country where it recently granted greater freedom of expression. religious leaders are reportedly fanning the conflict between buddhists and the small muslim population. violence between the two groups has killed more than 100 people since may last year. nhk world reports from myanmar's largest city, yangon. >> reporter: muslims around the world are celebrating the holy month of ramadan, including in myanmar. muslims make up a fraction of the population of myanmar, where 90% of people are buddhist. relations between the two communities have always been difficult. they're getting steadily worse. violence sparked in may last year when a group of muslim men attacked buddhist women in a western state. anti-muslim rioting killed more than a hundred people and left the government to declare a
state of emergency. the government was criticized for not doing enough to protect muslims. earlier this month president thein sein said he's committed to stopping the violence. >> translator: we'll crack down on those who spread fear and hatred. we'll do all we can to stop these criminal acts. >> reporter: some high-ranking buddhist monks are using inflammatory rhetoric and calling for muslims to be expelled from the country. this man is the leader of a radical anti-muslim group. he has called for a boycott of stores run by muslims, and he wants marriage between buddhists and muslims to be outlawed. >> translator: islamic extremists receiving assistance from abroad are behind the
recent violence in our country. >> reporter: u.s. news magazine "time" ran a feature story last month on wira thu. his face was on the cover with the headline, "the face of buddhist terror." the magazine portrayed monk as the bedroom manipulator who incites sectarian hatred. the article triggered angry demonstrations on the streets of yangon. protesters called it an insult to buddhism. the government of myanmar found itself in a difficult position. greater freedom of the press was one of its most high preferred democratic reforms, but citing security concerns the authorities decided to burn the issues of the magazine. >> translator: we've taken this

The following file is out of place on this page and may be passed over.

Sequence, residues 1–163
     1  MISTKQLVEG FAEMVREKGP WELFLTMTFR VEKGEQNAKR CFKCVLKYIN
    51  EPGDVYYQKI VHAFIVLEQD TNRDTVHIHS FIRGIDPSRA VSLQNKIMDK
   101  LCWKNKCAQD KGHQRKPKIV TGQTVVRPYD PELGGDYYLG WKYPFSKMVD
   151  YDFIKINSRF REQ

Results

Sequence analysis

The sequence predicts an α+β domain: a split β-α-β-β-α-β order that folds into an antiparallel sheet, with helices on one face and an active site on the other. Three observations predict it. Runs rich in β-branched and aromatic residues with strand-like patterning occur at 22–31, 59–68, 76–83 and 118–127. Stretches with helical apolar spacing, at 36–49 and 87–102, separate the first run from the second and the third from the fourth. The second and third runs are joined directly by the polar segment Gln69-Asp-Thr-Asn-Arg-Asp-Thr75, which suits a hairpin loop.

step to try and quell people's anger and prevent more confusion. >> reporter: many people in myanmar are starting to worry about the spread of radicalism. >> translator: it's only in a few people who are fanning hatred. >> translator: there's no denying we have religious divisions. the government should do something about it. >> reporter: people in myanmar were denied a voice by the previous military regime. under the civilian-led government, they're allowed to speak more freely. but free speech means allowing different opinions and opposing views to be heard. unless buddhists and muslims can find a willingness to compromise and coexist, religion threatens to derail myanmar's democracy.